Following the Open Public Hearing the Committee addressed discussion questions from the FDA related to the following issues:

 

  • Types of data that could be submitted to demonstrate comparability between previously manufactured HPC-C (hematopoietic stem/progenitor cells –cord blood) and HPC-C manufactured currently
  • Clinical indication described in the Draft Guidance and additional indications
  • Recommendations to assist cord blood manufacturers in preparing information to be submitted in a Biologics License Application for HPC-C
  • Data adequate to demonstrate safety and efficacy of HPC-A (hematopoietic stem/progenitor cells – apheresis) and approach to licensure of HPC-A similar to the one proposed for cord blood

 

Types of data that could be submitted to demonstrate comparability between previously manufactured HPC-C (hematopoietic stem/progenitor cells –cord blood) and HPC-C manufactured currently

 

In general, the Committee had no objection to the approach to demonstration of comparability described in the Draft Guidance, which includes submission of nonclinical laboratory and clinical data, where available. The Committee stated that stability studies could provide data on the comparability of previously and newly manufactured HPC-C units and provide comparison information on transplanted units.  For example, post-thaw cell recovery assays (total nucleated cell count (TNC), viable CD34+ cell content and colony forming unit (CFU)) performed on units of HPC-C used for stability testing could also be used to assess comparability.


 

FDA Cellular, Tissue and Gene Therapies Advisory Committee

Summary Minutes

Meeting #43, March 29-30, 2007

 

 

Some Committee members suggested that comparability is best measured clinically by engraftment outcomes and engraftment measures need to be determined. The Committee discussed the correlation of TNC, viable CD34+ cell content and CFU content with successful engraftment of HPC-C to treat hematological malignancies.  The Committee generally agreed that successful engraftment outcomes correlate best with TNC and CFU vs.  viable CD34+  cell content.  However, there are many confounding clinical factors that affect engraftment and other transplant outcomes.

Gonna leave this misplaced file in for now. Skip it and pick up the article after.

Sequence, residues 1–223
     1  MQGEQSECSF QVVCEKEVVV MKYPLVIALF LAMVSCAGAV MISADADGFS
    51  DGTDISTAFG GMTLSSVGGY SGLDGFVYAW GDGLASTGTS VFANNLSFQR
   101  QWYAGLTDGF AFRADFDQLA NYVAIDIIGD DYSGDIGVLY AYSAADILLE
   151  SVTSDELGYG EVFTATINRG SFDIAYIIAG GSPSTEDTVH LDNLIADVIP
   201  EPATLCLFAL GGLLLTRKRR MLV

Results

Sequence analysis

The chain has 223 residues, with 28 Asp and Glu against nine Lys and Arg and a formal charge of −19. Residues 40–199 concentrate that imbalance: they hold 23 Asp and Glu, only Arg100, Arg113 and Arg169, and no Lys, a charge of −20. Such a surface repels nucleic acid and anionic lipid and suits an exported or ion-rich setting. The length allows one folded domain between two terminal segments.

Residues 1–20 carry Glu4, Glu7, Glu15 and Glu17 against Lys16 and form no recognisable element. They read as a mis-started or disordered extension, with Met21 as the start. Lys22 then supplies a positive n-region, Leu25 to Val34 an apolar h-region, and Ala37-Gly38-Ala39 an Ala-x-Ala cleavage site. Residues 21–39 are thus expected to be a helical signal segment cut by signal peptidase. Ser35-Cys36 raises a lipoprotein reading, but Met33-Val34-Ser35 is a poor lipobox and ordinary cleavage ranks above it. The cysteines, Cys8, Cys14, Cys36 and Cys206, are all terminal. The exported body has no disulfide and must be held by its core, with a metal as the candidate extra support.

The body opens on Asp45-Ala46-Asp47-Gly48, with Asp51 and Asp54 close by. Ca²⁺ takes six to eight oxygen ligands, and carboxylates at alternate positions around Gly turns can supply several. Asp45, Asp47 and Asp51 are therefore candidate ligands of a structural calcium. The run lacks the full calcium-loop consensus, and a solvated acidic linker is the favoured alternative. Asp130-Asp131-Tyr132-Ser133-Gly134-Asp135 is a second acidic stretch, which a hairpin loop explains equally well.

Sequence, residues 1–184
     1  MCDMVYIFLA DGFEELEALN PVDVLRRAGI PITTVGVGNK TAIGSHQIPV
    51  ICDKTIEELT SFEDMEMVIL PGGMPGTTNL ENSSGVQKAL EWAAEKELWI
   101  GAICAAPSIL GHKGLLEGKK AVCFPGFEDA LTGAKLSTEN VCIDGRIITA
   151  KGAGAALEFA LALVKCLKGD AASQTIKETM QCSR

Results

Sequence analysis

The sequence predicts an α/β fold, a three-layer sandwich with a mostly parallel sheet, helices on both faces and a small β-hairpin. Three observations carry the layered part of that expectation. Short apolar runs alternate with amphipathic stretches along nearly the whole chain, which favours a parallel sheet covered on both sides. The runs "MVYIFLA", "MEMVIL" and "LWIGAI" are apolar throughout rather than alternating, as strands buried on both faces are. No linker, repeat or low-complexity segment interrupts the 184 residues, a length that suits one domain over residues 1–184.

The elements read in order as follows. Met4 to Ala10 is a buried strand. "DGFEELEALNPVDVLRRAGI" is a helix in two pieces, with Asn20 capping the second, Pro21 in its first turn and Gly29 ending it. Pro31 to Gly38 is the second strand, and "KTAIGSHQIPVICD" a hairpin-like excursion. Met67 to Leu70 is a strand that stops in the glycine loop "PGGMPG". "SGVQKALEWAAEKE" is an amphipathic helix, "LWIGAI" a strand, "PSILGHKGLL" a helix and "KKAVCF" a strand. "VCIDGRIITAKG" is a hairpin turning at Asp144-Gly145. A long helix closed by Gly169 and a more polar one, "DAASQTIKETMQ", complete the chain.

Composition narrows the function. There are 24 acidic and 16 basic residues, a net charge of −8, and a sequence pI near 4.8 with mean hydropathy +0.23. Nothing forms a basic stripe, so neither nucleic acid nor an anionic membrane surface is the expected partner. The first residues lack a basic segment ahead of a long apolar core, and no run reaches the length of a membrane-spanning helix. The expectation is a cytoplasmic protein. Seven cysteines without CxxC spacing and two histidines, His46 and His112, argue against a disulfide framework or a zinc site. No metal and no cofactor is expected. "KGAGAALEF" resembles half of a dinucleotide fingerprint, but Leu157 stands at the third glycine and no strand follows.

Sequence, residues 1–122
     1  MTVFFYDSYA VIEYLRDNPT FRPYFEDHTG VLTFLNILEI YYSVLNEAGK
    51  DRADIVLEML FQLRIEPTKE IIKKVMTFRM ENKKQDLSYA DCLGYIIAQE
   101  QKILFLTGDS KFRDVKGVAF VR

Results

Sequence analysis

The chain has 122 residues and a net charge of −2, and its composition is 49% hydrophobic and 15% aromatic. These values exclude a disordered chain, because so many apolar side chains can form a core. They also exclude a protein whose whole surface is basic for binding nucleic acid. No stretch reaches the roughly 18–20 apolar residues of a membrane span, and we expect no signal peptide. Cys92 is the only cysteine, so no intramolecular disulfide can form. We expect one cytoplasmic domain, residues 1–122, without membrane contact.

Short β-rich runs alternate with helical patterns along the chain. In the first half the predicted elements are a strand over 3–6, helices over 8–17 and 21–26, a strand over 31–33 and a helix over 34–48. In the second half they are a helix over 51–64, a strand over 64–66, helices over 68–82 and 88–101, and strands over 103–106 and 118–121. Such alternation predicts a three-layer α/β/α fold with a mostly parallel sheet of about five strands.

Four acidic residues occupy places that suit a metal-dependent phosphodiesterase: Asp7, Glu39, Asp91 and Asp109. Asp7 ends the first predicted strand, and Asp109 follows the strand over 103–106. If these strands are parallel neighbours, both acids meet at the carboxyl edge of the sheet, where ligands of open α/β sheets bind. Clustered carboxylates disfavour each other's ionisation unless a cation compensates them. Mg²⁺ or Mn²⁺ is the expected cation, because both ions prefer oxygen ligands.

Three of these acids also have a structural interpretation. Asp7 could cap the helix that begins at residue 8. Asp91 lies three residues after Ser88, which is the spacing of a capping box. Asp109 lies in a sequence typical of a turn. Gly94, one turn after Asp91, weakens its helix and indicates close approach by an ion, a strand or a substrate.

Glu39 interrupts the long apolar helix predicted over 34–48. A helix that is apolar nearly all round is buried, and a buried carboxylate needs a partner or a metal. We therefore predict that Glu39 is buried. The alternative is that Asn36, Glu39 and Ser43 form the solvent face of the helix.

The Committee discussed the limitations of CD34+ cell enumeration and CFU assays; however, most felt that these assays are useful despite the limitations.  They stated that there are alternate test methods (not discussed in the Draft Guidance) for determining comparability but these are unique to individual laboratories and, at this time, should not be included in the Guidance.  Efforts should be focused on standardization of the widely used functional assays (CFU, viable CD34+ cells).

 

In a discussion of accreditation standards, the Committee agreed there is a need to standardize accreditation of cord blood banks and other processing facilities.  The Committee suggested that existing standards of FACT, NetCord and AABB could be accepted for licensure.  FDA stated these voluntary standards were considered in writing the Draft Guidance where they related to manufacturing and establishment controls covered by the applicable regulations.

 

The Committee discussed implementation of Current Good Manufacturing Practice (CGMP) in the manufacture of cord blood and generally encouraged the FDA to allow flexibility in the Guidance in how cord blood banks comply with CGMPs.  The Committee stated it might be a challenge for cord blood banks to implement and comply with CGMPs. For example, cord banks may not understand how to implement CGMPs for buildings and facilities, or they may not have documented conformance with these requirements in the past.  It was also stated that CGMP compliance could significantly increase the cost of processing cord blood for transplantation.

 

Clinical indication described in the Draft Guidance and additional indications

 

There was consensus from the Committee that the Draft Guidance should be expanded to include non-hematologic malignancies and non-malignant indications that are normally considered for bone marrow transplantation. 

 


 

 

FDA Cellular, Tissue and Gene Therapies Advisory Committee

Summary Minutes

Meeting #43, March 29-30, 2007

 

Recommendations to assist cord blood manufacturers in preparing information to be submitted in Biologics License Application for HPC-C

 

The Committee stated the Draft Guidance was well written and encouraged 1) the FDA to make efforts to publicize the document and 2) cord blood banks to communicate with

FDA as soon as they begin the licensing application process.  The FDA was also encouraged, as much as possible, to align requirements in the Guidance with existing voluntary (ex. FACT) accreditation requirements.

 

The Committee discussed the licensure of HPC-C manufactured in non-US cord blood banks, and said that licensure of HPC-C at all foreign banks that list their products in international registries was not feasible. 

 

Data adequate to demonstrate safety and efficacy of HPC-A (hematopoietic stem/progenitor cells – apheresis) and approach to licensure of HPC-A similar to the one proposed for cord blood

 

The Committee stated there are many differences between HPC-C and HPC-A in collecting, processing and release criteria that would need to be taken into consideration. Donor safety issues should be addressed. Some members expressed concern about the regulatory burden associated with implementation of licensure requirements. Any approach should balance the regulatory issues with the need to assure continued operation of the many collection centers to assure donor access.

 

Following this discussion the meeting was adjourned.

 

 

For more detailed information concerning this session presentation and committee discussion summarized above, please refer to the meeting transcripts available on the FDA website at http://www.fda.gov/ohrms/dockets.